Frank Ocean Has Disappeared, What If He Never Drops Another Album?

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I’m a night owl by nature. I'm likely to be writing while the sun rises and sleeping when it sets. My attendance is perfect during 4th shift Twitter hours, wide-eyed with the ambitious rappers, overzealous prostitutes, YouTube insomniacs and Waffle House's least attractive staff. It was around this hour that Drake would normally release a song - he isn’t nice just to strippers and grandmas, but seems to have a soft spot for the graveyard shift employees - when I noticed that Frank Ocean had just posted a song, "Memrise," one of only two solo release since the Channel Orange era, circa 2012. If my excitement in that moment had a physical stature, it would be Paul Donald Wight; Ocean has crossed over into the realm where his only peers are Adele, Andre and Electronica – the league of extraordinary introverts.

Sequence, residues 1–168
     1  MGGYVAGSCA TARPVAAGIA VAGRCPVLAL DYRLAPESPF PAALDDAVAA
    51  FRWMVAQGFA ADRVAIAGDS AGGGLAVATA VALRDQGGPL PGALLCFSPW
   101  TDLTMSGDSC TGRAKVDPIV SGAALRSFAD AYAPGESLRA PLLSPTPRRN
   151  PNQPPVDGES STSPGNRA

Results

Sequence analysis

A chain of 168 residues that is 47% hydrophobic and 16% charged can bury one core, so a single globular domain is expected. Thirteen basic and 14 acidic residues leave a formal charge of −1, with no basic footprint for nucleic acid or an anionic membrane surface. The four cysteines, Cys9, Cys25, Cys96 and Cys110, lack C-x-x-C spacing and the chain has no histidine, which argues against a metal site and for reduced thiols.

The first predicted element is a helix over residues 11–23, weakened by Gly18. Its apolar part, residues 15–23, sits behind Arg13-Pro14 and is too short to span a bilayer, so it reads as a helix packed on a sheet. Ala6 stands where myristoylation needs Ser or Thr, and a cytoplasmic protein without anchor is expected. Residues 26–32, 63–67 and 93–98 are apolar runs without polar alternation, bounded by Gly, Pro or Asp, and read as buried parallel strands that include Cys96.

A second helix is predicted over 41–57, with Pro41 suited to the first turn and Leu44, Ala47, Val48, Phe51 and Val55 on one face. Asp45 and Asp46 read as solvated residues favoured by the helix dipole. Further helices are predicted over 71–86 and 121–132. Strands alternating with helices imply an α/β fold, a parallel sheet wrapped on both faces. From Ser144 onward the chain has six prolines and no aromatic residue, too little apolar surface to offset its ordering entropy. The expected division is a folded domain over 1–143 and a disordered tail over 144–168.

Time flies when you’re submerged in music, subconsciously losing account on who has or hasn’t appeared in your inbox, which album got pushed back to 3005, and the latest signees to Very-Very Def records. Every artist who takes even a brief hiatus finds that his or her spot can quickly be replaced by any of the multitude of eager prospects yelling from the mountain tops to the bottom of the barrel. Despite understanding the concept of out of sight, out of mind – I was a bit surprised when our Managing Editor Nathan mentioned that he had completely forgotten about Frank Ocean over the last year. I can understand if Crunchy Black slips your mind, if you happen to forget OJ Da Juiceman exists, but Frank wasn’t just some ordinary artist, he was a beaming beacon of golden talent that we haven’t seen since he appeared with Nostalgia, Ultra. From his imagery painted songwriting to his captivating vocals, he is the holographic Charizard in a pack of common cards.